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Dealing with Tax Debt? Filing A Consumer Proposal or Personal Bankruptcy Can Help

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Owing money to the Canada Revenue Agency (CRA) can be stressful. Especially because of their ability to resort to extreme means of collection action quickly.

Unlike other creditors, the CRA doesn’t need to obtain a court order to start a wage garnishment, and Ontario’s limit on how much income may be garnished doesn’t apply to them.

So, if you have a balance owing that you’re unable to repay, it’s best to consider solutions as soon as possible.

The good news is Crawford, Smith and Swallow’s Licensed Insolvency Trustees (LITs) have two solutions that can help with your CRA debt: making a consumer proposal or filing personal bankruptcy. Depending on your situation, one may be more favourable than the other.

This blog will explain the benefits of each solution and how to decide which one is the right method of action for you.

Solving Tax Debt with a Consumer Proposal

A consumer proposal is an offer to creditors to pay back a percentage of the debt you owe over a period of up to five years. The terms of the offer are prepared and negotiated by a Licensed Insolvency Trustee.

If you choose to proceed with a consumer proposal, a trustee will work with you to determine a fair offer to present to the CRA. If the majority vote to accept the proposal, you will be responsible for making monthly payments according to the terms of your proposal. If all conditions are met, you will be legally released from the debts included in the proposal.

Eliminating Tax Debt with Personal Bankruptcy

If your income tax debt is substantial or your consumer proposal was refused, it may be appropriate to file for personal bankruptcy.

In this case, a Licensed Insolvency Trustee would be assigned to your bankruptcy claim to take control of your assets, with limited exemptions, investigate your affairs, and monitor your progress for bankruptcy obligations.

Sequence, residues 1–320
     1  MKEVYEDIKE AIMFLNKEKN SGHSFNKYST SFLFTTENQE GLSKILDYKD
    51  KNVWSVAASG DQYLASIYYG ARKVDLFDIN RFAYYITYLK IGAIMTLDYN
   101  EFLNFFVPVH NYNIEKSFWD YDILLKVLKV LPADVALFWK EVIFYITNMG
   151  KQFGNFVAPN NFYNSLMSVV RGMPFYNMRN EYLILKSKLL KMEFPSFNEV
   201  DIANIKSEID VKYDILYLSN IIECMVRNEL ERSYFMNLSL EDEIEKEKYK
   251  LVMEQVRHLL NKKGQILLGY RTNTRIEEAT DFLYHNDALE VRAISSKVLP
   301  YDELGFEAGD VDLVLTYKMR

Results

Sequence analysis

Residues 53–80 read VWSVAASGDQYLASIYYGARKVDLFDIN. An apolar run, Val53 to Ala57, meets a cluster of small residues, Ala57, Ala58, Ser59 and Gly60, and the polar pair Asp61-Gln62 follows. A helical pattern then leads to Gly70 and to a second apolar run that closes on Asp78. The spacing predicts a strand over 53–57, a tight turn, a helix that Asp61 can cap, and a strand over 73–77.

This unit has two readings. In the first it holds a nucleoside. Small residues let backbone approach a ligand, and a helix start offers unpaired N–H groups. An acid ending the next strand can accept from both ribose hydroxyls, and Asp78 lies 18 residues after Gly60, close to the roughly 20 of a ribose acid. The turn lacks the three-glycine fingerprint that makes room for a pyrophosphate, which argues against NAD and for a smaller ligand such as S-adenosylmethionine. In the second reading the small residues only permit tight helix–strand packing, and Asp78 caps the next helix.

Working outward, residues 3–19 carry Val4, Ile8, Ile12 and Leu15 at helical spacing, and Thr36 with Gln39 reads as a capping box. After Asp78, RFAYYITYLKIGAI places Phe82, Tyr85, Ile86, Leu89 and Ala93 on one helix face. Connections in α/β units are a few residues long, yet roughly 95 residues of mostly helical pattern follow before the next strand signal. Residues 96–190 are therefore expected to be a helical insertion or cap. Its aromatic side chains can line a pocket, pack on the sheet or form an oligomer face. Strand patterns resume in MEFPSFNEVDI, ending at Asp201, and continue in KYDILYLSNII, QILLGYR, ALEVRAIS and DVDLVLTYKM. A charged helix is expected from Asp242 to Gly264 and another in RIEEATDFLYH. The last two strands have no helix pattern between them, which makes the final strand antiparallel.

If you complete these requirements, you will be discharged from your consumer debts and those owing to CRA for income taxes, business GST/HST and source deductions. The time in which this happens varies anywhere between 9 to 36 months, depending on how many previous bankruptcies you have filed and your income level.

Consumer Proposal vs. Bankruptcy: Choosing the Best Path Forward

A consumer proposal is often considered a popular alternative to bankruptcy because it provides debt relief from unsecured creditors, including the CRA, without selling your assets to repay your debts.

But if you have a large amount of debt, a low income, and rent instead of owning a home, bankruptcy may be the better option. In this case, your trustee would be required to file a pre-bankruptcy tax return and a post-bankruptcy tax return.

If the pre-bankruptcy filing results in debt owing to the CRA, this would be covered in your bankruptcy. However, if a post-bankruptcy tax return results in debt owing, you’re responsible for paying this amount. The post-bankruptcy filing includes any time between the first day of your bankruptcy to December 31 of the same year.

 Crawford, Smith, and Swallow’s Licensed Insolvency Trustees (LITs) are here to support you during this financial hardship. Our experienced team is here to provide you with the guidance you need to choose the best course of action when dealing with tax debt. To book your free consultation, get in touch by phone or visit our website today.

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